Celebrating Abolition Day 2018

This Thursday, December 6, 2018, marks the third annual celebration of Abolition Day. Abolition Day was launched by the Humane Party in 2015 both (i) to commemorate the end of human slavery in the United States (1865) and (ii) to promote the abolition of all slavery. The date of December 6 was chosen for this national celebration because it was on this day in 1865 that the number of states necessary to ratify the 13th Amendment was reached.

Election results 2018: Carnist parties sweep all 50 states—again

Carnist candidates swept elections in all 50 states on Tuesday, November 6, 2018.  While the Democrat-Republicans retain their exclusive hegemony in both houses of the U.S. Congress as well as in all 50 state legislatures, more than one billion animals are tortured, mutilated, raped, molested, kidnapped, and killed each year in the U.S.  These violent and perverse acts remain legal as a direct result of Democrat-Republican political supremacy at the state and federal level. However, ramp-up for the 2020 U.S. Senate, House, and Presidential races begins immediately. There is no time for delay. Environmentalists, animal rights activists, vegans, and abolitionists who wish to halt and reverse this process are invited to run for office.

Earth Day Brings Humane Party’s 9th Birthday and Release of 2018-19 Platform

Earth Day 2018 (Sunday, April 22) will mark the 9th anniversary of the launch of the Humane Party.  As per tradition, the HP will also release its bi-annual party platform on Earth Day. The 2018-19 platform includes two new sections and several significant updates.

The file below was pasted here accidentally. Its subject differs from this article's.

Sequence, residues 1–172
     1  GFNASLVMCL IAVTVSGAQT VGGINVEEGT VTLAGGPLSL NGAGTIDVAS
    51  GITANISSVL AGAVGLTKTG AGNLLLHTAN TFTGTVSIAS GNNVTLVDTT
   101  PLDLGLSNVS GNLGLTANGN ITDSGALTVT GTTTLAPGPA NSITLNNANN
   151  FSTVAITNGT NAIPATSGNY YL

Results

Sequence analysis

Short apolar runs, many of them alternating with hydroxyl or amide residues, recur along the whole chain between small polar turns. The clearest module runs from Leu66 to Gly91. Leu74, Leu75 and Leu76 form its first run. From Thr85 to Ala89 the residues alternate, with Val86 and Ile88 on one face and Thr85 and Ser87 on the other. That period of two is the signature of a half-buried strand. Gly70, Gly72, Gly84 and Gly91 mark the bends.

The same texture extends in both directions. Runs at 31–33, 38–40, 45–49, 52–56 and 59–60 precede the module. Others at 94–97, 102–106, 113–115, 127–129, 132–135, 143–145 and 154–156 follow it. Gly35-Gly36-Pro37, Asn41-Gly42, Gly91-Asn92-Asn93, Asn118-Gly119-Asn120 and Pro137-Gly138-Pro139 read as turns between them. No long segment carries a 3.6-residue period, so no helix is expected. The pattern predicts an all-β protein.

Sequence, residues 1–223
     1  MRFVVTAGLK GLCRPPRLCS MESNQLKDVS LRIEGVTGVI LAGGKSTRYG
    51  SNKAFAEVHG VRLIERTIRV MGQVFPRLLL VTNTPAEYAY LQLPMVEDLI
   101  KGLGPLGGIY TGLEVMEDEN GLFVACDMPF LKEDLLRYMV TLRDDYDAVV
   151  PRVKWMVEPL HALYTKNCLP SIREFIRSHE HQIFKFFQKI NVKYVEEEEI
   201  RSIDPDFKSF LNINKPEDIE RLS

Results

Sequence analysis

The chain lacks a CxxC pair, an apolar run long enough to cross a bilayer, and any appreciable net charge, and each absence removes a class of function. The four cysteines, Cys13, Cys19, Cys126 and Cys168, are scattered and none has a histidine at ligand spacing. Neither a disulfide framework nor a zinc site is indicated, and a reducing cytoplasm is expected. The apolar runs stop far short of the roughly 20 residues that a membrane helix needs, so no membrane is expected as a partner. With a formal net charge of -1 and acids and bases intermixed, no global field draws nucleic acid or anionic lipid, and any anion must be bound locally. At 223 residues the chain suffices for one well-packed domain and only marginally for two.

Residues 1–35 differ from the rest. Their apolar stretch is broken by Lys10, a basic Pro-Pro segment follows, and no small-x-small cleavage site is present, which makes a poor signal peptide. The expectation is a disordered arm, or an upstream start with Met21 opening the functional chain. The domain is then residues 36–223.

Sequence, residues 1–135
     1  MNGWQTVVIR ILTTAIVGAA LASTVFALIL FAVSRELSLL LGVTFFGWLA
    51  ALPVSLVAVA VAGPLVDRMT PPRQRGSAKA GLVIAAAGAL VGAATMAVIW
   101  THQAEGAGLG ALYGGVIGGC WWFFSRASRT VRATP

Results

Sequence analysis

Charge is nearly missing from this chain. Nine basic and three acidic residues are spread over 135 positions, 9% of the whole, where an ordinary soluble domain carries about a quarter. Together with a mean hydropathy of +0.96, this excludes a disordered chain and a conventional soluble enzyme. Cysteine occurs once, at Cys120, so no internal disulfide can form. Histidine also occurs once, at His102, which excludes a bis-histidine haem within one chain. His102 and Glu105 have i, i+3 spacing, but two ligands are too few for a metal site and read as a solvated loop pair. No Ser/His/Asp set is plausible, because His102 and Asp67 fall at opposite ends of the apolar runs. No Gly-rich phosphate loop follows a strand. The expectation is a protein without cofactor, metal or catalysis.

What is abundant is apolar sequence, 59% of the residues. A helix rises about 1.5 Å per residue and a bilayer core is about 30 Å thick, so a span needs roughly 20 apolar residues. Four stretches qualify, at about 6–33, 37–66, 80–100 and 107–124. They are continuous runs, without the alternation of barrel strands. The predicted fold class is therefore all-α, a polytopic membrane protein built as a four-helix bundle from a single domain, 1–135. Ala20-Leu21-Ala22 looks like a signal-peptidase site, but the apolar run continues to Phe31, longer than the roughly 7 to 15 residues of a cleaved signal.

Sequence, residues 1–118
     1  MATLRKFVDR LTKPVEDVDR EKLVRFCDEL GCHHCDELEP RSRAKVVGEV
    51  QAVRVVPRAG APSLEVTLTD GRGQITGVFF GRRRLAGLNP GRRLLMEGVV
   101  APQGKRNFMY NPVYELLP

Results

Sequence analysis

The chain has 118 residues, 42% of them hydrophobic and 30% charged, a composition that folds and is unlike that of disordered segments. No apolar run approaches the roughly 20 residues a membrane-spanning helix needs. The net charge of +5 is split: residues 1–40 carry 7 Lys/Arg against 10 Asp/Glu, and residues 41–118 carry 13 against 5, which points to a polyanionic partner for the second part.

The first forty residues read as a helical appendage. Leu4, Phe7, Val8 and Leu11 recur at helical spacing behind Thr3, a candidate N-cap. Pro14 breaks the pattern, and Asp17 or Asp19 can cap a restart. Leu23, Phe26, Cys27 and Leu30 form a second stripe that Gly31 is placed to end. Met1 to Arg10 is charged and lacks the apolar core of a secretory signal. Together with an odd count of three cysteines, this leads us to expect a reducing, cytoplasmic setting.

Personhood, Yes—But “Peoplehood,” Too

In support of the Humane Party‘s zoocracy concept and model, the present article seeks to offer a conceptual framework that may be regarded as fully including personhood but also as being more comprehensive, with respect to the goal of animal protection, than that of personhood alone, namely, that of “peoplehood.”  Personhood does not necessarily imply peoplehood, and, without recognition of this latter concept—recognition of other animals’ cultures, their relationships, their languages and communication styles, their full-fledged existence, dignity, and sovereignty as other “peoples”—animal-protection measures will tend to be severely under-inclusive in theory and under-performing in practice.

Zoocracy:  Placing Permanent Political Power—Yes, the Vote—in the Paws, Claws, and Jaws of Other Species

Zoocracy is a representative form of government in which members of all sentient species—not just homo sapiens—hold permanent political power of equal dignity.  Zoocracy is akin to democracy, in that decisions are made by vote of an enfranchised population.  But democracy pertains to an enfranchised population that is limited to humans, whereas zoocracy extends the franchise to all species.

Historic Ruling for Chimps Sets Precedent for Animal Rights

On April 4, 2017, Judge Maria Alejandra Maurício of the Third Court of Guarantees of the Judiciary in the Argentinean State of Mendoza ruled that Cecília, a chimpanzee living alone in a concrete enclosure at the Mendocino Zoo in Argentina, had the right to health and happiness.

University Students on a Mission to Create Plant-Based Meat Alternatives

The University of California, Berkeley (UCB) has developed a partnership with the Good Food Institute and UCB’s Sutardja Center for Entrepreneurship and Technology (SCET) that challenges students to develop plant-based meat alternatives in a semester-long course.

Does the educational mission of zoos justify captivity, culling, and public dissection of animals?

The issue of keeping animals in captivity was recently in the news with the announcement of the last performance of Ringling Bros. and Barnum & Bailey Circus this May. While many applaud the announcement, the future of the captive animals is in question. In a related story, The New Yorker featured in its January 16, 2017 issue the shooting and public dissection of a healthy young giraffe named Marius at the Odense Zoo in Denmark last year.